Impact of flagellated and elongated morphological phenotypes on the focusing behaviours of biological cells in inertial microfluidic devices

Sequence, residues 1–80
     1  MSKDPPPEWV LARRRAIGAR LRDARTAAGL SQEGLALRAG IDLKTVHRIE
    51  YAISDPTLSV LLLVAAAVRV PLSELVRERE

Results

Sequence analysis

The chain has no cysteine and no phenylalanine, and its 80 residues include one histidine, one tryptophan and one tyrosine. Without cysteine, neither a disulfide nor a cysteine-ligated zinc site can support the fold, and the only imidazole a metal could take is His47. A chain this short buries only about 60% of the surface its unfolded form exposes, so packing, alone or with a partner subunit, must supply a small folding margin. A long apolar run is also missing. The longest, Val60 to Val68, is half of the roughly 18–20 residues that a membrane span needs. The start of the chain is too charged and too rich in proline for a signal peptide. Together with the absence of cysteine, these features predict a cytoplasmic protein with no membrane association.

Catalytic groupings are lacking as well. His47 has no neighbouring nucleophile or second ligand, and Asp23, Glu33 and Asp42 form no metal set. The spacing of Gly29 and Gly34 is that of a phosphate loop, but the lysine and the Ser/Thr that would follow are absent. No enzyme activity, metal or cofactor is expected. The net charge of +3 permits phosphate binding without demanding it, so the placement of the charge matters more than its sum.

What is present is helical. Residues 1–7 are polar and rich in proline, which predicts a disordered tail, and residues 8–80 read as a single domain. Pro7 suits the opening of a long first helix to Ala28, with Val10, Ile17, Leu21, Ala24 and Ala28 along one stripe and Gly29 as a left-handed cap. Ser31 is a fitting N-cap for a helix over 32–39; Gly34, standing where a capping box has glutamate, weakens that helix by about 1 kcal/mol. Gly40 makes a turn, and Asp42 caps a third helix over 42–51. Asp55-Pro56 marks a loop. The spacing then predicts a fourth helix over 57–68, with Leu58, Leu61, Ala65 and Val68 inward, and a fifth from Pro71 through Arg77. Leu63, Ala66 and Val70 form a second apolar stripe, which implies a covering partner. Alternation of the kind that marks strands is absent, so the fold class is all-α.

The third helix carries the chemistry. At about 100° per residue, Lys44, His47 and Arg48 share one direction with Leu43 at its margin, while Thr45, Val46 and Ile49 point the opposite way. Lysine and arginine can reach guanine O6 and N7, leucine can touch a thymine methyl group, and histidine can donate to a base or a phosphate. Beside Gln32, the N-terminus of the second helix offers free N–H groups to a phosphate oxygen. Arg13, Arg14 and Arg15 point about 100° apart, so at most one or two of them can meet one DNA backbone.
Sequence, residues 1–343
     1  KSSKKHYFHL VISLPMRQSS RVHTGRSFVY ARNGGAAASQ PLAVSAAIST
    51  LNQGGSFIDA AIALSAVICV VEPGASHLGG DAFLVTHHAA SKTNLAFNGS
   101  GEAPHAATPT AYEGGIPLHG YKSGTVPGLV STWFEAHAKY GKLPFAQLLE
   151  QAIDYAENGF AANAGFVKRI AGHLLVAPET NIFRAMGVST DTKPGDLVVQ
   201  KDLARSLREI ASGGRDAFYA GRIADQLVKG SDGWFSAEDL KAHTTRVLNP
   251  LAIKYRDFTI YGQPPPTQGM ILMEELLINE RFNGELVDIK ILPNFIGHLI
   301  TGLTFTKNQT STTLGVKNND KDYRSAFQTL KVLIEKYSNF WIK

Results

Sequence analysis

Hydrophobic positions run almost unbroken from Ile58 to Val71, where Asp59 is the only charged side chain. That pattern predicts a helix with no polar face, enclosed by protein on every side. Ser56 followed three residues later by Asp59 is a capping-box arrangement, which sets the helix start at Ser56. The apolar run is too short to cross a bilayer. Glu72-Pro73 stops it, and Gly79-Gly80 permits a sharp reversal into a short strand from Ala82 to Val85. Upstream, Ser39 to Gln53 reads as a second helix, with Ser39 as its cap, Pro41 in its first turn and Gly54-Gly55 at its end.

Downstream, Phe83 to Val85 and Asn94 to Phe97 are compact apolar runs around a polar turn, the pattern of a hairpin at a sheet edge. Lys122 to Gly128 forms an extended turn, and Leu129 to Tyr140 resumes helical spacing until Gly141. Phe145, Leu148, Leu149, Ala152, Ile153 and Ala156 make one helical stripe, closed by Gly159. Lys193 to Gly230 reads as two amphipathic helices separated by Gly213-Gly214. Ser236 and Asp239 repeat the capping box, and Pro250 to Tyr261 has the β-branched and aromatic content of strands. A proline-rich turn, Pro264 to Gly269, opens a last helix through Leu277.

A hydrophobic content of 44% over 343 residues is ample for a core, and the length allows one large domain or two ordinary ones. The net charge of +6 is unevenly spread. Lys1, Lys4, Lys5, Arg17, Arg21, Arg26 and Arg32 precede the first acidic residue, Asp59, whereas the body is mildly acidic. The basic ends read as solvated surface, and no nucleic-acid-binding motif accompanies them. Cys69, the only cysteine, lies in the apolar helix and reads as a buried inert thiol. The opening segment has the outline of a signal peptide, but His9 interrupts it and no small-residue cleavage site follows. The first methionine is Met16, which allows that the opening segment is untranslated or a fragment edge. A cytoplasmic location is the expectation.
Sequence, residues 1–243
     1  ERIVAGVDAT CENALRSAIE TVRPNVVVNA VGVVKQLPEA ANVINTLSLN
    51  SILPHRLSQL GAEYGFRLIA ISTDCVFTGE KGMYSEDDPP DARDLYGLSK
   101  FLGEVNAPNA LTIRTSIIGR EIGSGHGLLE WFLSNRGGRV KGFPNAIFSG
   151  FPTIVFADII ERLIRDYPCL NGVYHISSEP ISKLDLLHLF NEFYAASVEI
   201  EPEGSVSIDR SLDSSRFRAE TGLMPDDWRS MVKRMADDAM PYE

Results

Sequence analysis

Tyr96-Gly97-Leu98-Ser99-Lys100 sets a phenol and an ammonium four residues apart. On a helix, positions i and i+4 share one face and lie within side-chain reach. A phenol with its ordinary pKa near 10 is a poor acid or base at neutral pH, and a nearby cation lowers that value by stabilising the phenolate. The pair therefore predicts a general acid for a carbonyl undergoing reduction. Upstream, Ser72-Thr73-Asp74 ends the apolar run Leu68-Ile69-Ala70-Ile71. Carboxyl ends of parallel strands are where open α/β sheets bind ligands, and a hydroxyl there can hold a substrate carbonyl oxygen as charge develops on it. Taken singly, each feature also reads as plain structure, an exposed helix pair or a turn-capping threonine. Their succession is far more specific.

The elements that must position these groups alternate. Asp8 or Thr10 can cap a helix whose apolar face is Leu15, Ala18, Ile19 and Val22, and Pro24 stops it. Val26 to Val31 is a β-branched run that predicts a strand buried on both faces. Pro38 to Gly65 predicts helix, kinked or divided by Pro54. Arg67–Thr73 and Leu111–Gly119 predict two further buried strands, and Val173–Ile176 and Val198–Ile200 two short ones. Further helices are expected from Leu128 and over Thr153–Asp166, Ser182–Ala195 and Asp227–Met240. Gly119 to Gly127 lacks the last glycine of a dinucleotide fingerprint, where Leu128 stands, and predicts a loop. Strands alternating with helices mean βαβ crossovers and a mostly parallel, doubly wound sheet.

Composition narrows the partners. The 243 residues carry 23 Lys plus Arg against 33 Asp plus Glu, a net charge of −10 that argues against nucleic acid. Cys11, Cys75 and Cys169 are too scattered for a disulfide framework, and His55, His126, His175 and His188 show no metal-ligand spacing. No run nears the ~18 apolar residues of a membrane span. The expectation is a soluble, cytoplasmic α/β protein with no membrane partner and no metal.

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Inertial microfluidics has demonstrated tremendous potential to impact biological - and notably medical - fields, by offering a highly versatile, portable and cost-effective approach to cell focusing and sorting. While the range of applications of inertial devices spans medical diagnostics, bioprocessing or water engineering to mention a few, translation is still impeded by the lack of clear understanding of cell interactions in such devices. This often leads to bespoke designs that take years of development and characterisation for one targeted application, and limited tools for informed optimisation. A more fundamental knowledge of inertial behaviours is key to future translational works and impact, by enabling a deeper understanding of inertial forces in biological systems. Towards this goal, this paper focuses on high-throughput morphological phenotyping of the single-celled, flagellated parasite Leishmania mexicana to better understand how variations in cell body length, width and flagellated status impact the focusing patterns of highly non-spherical cells in curved inertial devices. Some of the key findings in this study include i) not all organelles, such as flagella, will alter focusing if the body shape is conserved, ii) the impact of cell shape is specific to a channel design and slight changes in e.g., cell confinement can completely change focusing patterns, iii) elongated prolate-like cells align in different orientations depending on their lateral position with a curved channel and iv) despite variabilities observed in focusing patterns for elongated versus rounder cell phenotypes, large morphological variations can be completely overcome at high Reynolds numbers so that all phenotypes tightly focus at a single position (here towards the channel outer wall). This last finding, in particular, may open new avenues for highly efficient cell enrichment processes, such as for the detection of pathogens in water.

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